<ifModule mod_gzip.c>

  mod_gzip_on Yes

  mod_gzip_dechunk Yes

  mod_gzip_item_include file \.(html?¦txt¦css¦js¦php¦pl)$

  mod_gzip_item_include handler ^cgi-script$

  mod_gzip_item_include mime ^text/.*

  mod_gzip_item_include mime ^application/x-javascript.*

  mod_gzip_item_exclude mime ^image/.*

  mod_gzip_item_exclude rspheader ^Content-Encoding:.*gzip.*

</ifModule>

How to Minify CSS and JavaScripts 

Most stylesheets and scripts have many comments and empty spaces for the purpose of editing. It helps make it simpler to read for human; however, for machines, it does not really matter. When minifying stylesheets and scripts I always keep a backup of the original that I already have.

There are 2 reasons why we should have an original copy, the first for the purpose of editing and the second in the event something fails in the process of minifying.

There are several tools to minify the scripts: the Online YUI Compressor and Googles Closure Compiler service.

You can also use the recommendations made by Gtmetrix. Choose see optimized version by clicking on Minify Java or Minify CSS.

After that, Copy/Paste that into the right file. Simply follow the file path shown in Gtmetrix, which for your theme’s stylesheet has to be something such as this:

http://sitename.com/wp-content/themes/theme-name/styles.css

On the server which may differ, it might look something such as this:

root/wp-content/themes/theme-name/styles.css

Then press control F5 to refresh and once more run Gtmetrix to make sure stylesheets and scripts have been minified.

You can minify scripts and stylesheets situated on the server for your theme and plugins.

Optimized and serve Scaled images

  • There are 2 things which will slow down our websites, and they are both related to images. Adding wrongly scaled images to our theme and posts
  • uploading an image, which is simply too large with regards to size in KB or some instances MB.

View image source by right clicking my image, you’ll see its dimensions, File Type, location, and Size.

Solution – Download and install Shrink O’Matic, making sure you have a desktop shortcut since you’ll be using it a great deal. It’s an easy drag and drop image optimization program. Select the kind of file after setting the dimensions.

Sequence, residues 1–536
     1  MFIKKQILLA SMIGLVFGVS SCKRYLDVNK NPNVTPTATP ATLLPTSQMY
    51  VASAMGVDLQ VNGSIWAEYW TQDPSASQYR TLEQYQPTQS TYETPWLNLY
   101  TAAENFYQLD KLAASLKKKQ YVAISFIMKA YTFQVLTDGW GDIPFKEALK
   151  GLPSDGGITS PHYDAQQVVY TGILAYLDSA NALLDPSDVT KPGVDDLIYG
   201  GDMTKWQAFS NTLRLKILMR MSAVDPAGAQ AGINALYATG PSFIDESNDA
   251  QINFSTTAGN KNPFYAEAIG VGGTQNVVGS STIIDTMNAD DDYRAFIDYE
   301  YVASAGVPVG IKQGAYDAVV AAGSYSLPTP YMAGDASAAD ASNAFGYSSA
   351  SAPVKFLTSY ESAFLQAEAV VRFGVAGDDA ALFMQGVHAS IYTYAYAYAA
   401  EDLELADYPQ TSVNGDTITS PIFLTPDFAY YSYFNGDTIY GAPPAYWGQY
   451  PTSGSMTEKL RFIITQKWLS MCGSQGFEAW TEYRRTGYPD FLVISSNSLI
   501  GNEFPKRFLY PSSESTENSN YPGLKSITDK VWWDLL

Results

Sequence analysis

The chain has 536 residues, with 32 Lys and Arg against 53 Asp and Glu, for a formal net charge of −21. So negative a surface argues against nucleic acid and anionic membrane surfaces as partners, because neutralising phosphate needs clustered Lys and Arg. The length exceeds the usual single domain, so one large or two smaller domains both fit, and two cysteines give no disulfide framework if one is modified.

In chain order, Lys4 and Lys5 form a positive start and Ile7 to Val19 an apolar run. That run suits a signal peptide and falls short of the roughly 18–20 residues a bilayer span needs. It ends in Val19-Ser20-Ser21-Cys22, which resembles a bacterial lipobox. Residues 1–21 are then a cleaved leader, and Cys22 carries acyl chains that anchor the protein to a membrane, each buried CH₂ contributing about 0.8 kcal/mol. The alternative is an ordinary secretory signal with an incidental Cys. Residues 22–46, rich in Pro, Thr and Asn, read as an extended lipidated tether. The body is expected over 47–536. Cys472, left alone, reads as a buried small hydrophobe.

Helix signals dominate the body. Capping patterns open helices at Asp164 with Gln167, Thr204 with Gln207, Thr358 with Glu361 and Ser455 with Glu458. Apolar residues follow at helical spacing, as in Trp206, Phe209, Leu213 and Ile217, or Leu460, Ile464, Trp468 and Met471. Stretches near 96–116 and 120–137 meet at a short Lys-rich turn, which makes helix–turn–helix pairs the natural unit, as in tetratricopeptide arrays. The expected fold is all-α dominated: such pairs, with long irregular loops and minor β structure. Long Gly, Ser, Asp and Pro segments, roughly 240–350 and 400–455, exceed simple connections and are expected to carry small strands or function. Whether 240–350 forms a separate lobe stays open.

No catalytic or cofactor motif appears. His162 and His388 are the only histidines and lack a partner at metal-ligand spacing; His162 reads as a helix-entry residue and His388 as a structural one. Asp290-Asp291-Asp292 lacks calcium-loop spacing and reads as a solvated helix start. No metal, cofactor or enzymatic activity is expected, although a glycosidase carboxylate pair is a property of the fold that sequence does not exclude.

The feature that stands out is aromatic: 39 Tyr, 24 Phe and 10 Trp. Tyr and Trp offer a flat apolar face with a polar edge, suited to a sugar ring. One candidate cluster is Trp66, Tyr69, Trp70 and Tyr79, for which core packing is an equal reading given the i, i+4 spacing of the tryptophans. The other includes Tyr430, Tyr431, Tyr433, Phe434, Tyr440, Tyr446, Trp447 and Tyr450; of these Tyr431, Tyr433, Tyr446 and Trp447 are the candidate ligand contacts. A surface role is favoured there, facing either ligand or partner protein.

Use .jpg for images in a page or post

Use .png or .GIF for images used in Diagrams or logos

Save your page or post as draft, Press control F after changing to HTML viewer to locate the image ( a search box will emerge at the top or bottom on the browser) look for the last section of the image, i.e., the name plus extension of the image.

#Style attribute for your image, note the ” at the end, don’t miss that out.

style=”width: 200px; height: 150px;”

#Also add the height and width of the browser which is placed at the end of the image path.

src=”https://diywordpressblog.com/wp-content/uploads/2012/04/Camel-Friend.jpg” width=”200″ height=”150″

#Image code in its complete form, this is the simplest way to add dimensions in your posts and pages

<img class=”size-full wp-image-122 alignleft” style=”width: 200px; height: 150px;” title=”Camel Friend” src=”https://diywordpressblog.com/wp-content/uploads/2012/04/Camel-Friend.jpg” width=”200″ height=”150″ alt=”Camel” />

Once more you can test the results via visiting your website, retesting Gtmetrix after pressing control F5.

Smush plugin – the ultimate tool for image optimization

GTMetrix recommends WP Smush plugin installation. This image optimization plugin is not as ever-present as W3 Total Cache, but it has to be. It processes PNG, GIF, and JPEG images using lossless compression for all presently existing images, and also any new ones uploaded to the WordPress installation. Images, even big ones, are going to be “smushed” to 1MB or less.